"What if something happens to me and the only person that I could rely on is my mom and what if the both of us, if something happens, who is going to take care of my children?" Idalia Rios said.
Rios and her family are lucky to have now passed the worst of it, hoping for clearance to return to work any day. Rios called the journey a struggle, starting with access to testing.
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Grandma, who was symptomatic, tested positive on a Friday in May.
"So, obviously by Saturday, I was like we need to get tested ASAP," Rios said.
Rios said when a call to a county testing site resulted in no answer, she went the private route, paying out-of-pocket.
"We just live check by check, right? I think it's going to be a struggle at the end of the month, but we gotta do what we need to do," Rios said.
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On its website, the County of Orange lists four testing sites in Santa Ana. All require an assessment of symptoms and an appointment.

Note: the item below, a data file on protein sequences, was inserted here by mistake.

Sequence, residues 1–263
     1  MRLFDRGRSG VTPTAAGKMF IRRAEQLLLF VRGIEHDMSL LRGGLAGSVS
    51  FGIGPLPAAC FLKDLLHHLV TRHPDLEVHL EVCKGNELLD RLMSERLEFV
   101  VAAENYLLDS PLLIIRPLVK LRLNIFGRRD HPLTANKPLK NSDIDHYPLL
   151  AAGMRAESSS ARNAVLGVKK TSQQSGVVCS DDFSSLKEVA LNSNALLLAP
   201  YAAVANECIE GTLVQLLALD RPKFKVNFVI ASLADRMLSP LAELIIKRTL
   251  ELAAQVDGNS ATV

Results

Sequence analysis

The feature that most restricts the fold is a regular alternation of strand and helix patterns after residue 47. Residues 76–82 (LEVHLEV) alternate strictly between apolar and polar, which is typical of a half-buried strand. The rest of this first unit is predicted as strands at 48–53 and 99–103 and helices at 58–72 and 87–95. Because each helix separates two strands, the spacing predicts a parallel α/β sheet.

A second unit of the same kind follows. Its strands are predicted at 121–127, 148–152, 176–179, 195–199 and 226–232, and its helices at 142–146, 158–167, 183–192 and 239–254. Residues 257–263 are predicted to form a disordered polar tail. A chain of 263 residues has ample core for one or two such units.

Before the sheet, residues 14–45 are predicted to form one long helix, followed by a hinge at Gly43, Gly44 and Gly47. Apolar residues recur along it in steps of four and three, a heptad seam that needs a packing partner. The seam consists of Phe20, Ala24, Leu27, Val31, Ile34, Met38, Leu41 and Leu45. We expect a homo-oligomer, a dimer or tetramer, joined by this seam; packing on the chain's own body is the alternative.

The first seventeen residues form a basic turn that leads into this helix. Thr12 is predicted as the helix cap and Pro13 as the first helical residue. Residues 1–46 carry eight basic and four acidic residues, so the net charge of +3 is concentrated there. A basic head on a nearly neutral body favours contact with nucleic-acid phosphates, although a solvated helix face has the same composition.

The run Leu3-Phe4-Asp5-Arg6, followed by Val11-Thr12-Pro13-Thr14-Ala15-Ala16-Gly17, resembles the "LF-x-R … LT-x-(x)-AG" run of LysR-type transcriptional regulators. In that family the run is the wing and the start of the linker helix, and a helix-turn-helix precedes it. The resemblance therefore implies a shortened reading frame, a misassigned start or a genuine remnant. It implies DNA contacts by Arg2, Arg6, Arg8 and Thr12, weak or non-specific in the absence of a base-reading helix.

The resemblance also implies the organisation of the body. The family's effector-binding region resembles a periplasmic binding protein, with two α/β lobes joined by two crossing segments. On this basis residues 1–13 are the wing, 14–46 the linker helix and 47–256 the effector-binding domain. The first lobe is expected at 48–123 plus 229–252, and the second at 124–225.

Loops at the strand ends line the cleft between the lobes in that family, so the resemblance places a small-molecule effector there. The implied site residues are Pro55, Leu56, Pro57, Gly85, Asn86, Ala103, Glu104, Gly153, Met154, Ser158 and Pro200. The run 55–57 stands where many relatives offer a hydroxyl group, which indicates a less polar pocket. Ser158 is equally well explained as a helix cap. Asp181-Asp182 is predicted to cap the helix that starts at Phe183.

Rios is worried that low-income families like her family will suffer the virus spreading through their homes as Orange County reopens business.
According to the Orange County Health Care Agency, Santa Ana has the highest number of COVID-19 cases in the county.
"City officials should be thinking on how are they going to get prepared to help their residents," Rios said.
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Santa Ana Mayor Miguel Pulido agrees that a reopening of the economy in his densely-populated city was a risk without improved access to testing.
"I want some of this drive-up testing or mobile testing or more accessible testing," Pulido said.
Pulido is optimistic his city may see $28 million in June from Sacramento. He says he plans to use part of that money toward improved COVID-19 testing with contracts with the UCI Department of Health.